Online engagement: it’s all about the user experience

Posted by Lucille Moreton on May 26, 2016 at 9:00 AM

 

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You can’t ignore the Internet, and believe us, neither will your customers. From research to actually purchasing a product in the ‘offline’ world, the web is taking up a huge portion of your customer’s time and gives them an immediate first impression of your brand.

So why do people talk about customer experience and user experience as if they were different things?

What’s the difference between user and customer experience?

In common practice, the term has come to mean the experience within a website, where as customer experience encompasses all interaction a customer has with a brand and its products.  The key difference lies in which context the consumer is having the experience, though it’s true that these often overlap.

Customer Experience: From online to offline 

Online engagement relies a great deal on what we call User Experience (UX) - which is the functionality and ease of using the website itself - but it also needs the solid foundation of the real-life experience (from delivery to purchase) to back it up and drive the sale. Neglecting either of these two aspects may leave you with an unfinished and unsuccessful marketing campaign.

While online user experience is discussed more often, we’ve taken the guidelines that are most often given for a website, and broken them down for any experience you could be offering anywhere.

Here are our top 5 tips to apply across all online platforms

1. Speed

This is an easy one. Whether online or offline, customers do not want to wait for your site to load, your queues to dissipate, or your call centre to pick up the other end of the line. Make your processes light and speedy for an instant customer connection.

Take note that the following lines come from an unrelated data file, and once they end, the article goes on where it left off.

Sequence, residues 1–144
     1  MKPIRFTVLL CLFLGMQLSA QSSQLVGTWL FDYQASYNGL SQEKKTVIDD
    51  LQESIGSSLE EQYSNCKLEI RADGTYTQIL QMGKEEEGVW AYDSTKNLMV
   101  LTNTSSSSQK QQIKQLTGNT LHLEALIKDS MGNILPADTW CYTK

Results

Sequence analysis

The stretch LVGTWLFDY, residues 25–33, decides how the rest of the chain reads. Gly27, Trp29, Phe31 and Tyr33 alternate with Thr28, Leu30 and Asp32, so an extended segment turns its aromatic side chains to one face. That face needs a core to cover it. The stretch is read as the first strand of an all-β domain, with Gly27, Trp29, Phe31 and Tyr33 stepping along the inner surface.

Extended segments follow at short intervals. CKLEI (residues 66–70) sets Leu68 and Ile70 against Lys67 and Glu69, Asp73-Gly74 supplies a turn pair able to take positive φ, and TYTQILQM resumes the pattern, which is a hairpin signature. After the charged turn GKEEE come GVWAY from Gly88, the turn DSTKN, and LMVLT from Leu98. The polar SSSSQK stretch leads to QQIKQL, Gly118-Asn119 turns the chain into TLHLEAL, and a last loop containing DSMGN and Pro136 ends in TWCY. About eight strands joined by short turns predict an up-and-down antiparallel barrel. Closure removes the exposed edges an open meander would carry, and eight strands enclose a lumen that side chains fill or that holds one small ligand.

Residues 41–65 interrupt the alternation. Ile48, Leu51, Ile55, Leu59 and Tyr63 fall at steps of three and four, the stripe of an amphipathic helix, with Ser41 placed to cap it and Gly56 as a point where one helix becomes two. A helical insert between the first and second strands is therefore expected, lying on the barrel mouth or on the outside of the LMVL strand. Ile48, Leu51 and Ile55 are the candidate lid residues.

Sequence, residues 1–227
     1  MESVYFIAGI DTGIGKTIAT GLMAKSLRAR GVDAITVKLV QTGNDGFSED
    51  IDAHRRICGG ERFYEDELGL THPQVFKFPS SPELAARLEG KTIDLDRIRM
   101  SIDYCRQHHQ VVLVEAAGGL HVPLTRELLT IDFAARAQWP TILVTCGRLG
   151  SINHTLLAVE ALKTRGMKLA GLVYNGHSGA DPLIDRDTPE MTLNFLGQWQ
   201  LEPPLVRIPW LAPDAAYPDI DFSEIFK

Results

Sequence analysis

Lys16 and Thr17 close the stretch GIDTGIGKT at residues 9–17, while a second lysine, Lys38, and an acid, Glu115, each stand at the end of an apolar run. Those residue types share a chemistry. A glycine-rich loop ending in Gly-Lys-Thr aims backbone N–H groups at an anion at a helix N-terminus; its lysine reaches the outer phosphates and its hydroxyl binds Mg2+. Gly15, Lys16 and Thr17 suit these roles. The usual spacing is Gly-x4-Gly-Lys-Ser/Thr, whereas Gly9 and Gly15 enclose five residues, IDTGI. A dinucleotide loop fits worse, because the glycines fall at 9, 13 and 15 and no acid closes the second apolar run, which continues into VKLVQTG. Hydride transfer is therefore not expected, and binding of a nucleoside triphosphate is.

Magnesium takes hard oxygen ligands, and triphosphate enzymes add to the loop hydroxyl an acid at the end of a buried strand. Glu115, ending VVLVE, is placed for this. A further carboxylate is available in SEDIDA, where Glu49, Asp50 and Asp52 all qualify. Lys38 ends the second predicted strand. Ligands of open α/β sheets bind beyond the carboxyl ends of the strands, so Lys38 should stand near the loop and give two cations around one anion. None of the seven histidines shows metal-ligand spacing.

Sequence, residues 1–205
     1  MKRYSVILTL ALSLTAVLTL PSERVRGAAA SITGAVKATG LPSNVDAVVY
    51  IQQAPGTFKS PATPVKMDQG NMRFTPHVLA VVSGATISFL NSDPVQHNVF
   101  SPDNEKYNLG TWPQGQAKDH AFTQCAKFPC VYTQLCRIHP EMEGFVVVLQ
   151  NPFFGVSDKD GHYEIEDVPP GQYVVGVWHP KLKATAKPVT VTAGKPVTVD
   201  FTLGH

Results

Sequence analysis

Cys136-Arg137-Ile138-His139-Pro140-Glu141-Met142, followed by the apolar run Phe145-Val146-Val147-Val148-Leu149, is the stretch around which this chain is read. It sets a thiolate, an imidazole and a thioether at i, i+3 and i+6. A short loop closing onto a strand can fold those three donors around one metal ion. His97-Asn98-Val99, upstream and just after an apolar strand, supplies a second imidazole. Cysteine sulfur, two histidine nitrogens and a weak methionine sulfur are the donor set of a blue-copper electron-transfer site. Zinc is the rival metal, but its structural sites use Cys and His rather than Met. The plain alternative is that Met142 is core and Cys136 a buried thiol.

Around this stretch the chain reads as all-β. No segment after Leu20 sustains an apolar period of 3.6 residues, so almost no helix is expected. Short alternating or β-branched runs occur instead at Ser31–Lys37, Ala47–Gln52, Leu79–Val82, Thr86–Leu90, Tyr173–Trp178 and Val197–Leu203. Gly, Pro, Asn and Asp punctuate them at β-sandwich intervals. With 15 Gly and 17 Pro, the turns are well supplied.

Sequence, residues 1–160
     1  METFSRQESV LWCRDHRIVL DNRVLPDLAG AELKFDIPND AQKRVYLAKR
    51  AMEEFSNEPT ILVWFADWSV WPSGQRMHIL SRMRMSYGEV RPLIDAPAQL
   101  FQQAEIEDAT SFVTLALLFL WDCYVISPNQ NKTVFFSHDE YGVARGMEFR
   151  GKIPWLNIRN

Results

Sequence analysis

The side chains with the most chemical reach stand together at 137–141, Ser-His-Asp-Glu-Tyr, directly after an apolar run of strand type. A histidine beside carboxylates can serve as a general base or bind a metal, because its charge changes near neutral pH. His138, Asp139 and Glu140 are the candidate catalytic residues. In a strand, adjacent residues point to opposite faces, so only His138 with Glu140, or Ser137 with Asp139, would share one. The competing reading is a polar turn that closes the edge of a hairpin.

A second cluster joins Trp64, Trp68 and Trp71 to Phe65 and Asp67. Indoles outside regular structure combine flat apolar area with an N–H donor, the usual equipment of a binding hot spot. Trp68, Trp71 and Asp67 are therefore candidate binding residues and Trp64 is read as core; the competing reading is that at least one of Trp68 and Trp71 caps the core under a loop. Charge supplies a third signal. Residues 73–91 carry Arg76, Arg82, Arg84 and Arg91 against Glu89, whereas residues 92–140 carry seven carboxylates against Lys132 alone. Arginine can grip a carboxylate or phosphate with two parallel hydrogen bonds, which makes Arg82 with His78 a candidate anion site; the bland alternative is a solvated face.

2. Simple navigation

Looking for something and not finding it is incredibly frustrating – and your customers agree. Set up the smoothest journey to purchase that you are able to by making it as clear and direct as possible in bricks-and-mortar establishments, on social media, your website, and in your above-the-line activities.

3. Appealing visuals

Aesthetic appeal is often left as an afterthought, but eye-catching and bold design, coupled with ease of navigation and information structure, can create an incredibly rich and personal experience both in-store and out.

4. Straightforward information

Don’t beat around the bush. Find out what your customers need to know, and tell them in as few words as possible, wherever they are reading or watching.

5. Peer reviews

Word of mouth is still a powerful tool. Online and offline, customers have a huge influence with their peers, so allow the conversations to develop, and let your customers speak for your product. Online, a great way to do this is with social media, where customers can interact with one another and with you.

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Topics: Marketing

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